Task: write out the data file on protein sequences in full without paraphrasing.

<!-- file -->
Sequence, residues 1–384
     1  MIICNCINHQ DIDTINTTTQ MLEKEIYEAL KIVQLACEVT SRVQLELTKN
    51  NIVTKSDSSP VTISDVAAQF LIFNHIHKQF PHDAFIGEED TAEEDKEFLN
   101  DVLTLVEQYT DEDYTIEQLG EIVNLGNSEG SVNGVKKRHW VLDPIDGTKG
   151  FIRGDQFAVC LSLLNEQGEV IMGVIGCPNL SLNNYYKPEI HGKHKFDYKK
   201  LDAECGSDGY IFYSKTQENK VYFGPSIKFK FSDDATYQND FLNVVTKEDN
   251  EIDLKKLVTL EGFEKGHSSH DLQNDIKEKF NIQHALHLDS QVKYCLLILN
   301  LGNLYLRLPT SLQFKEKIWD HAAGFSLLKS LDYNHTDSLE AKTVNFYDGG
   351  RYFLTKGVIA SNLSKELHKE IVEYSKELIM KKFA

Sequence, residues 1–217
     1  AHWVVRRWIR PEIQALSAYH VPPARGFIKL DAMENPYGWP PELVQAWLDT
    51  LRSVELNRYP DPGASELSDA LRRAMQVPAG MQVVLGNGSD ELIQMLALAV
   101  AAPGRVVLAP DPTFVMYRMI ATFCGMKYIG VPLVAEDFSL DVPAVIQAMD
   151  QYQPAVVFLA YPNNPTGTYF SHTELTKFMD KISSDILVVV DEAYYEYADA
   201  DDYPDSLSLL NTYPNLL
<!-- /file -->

Sequence, residues 1–384
     1  MIICNCINHQ DIDTINTTTQ MLEKEIYEAL KIVQLACEVT SRVQLELTKN
    51  NIVTKSDSSP VTISDVAAQF LIFNHIHKQF PHDAFIGEED TAEEDKEFLN
   101  DVLTLVEQYT DEDYTIEQLG EIVNLGNSEG SVNGVKKRHW VLDPIDGTKG
   151  FIRGDQFAVC LSLLNEQGEV IMGVIGCPNL SLNNYYKPEI HGKHKFDYKK
   201  LDAECGSDGY IFYSKTQENK VYFGPSIKFK FSDDATYQND FLNVVTKEDN
   251  EIDLKKLVTL EGFEKGHSSH DLQNDIKEKF NIQHALHLDS QVKYCLLILN
   301  LGNLYLRLPT SLQFKEKIWD HAAGFSLLKS LDYNHTDSLE AKTVNFYDGG
   351  RYFLTKGVIA SNLSKELHKE IVEYSKELIM KKFA

Sequence, residues 1–217
     1  AHWVVRRWIR PEIQALSAYH VPPARGFIKL DAMENPYGWP PELVQAWLDT
    51  LRSVELNRYP DPGASELSDA LRRAMQVPAG MQVVLGNGSD ELIQMLALAV
   101  AAPGRVVLAP DPTFVMYRMI ATFCGMKYIG VPLVAEDFSL DVPAVIQAMD
   151  QYQPAVVFLA YPNNPTGTYF SHTELTKFMD KISSDILVVV DEAYYEYADA
   201  DDYPDSLSLL NTYPNLL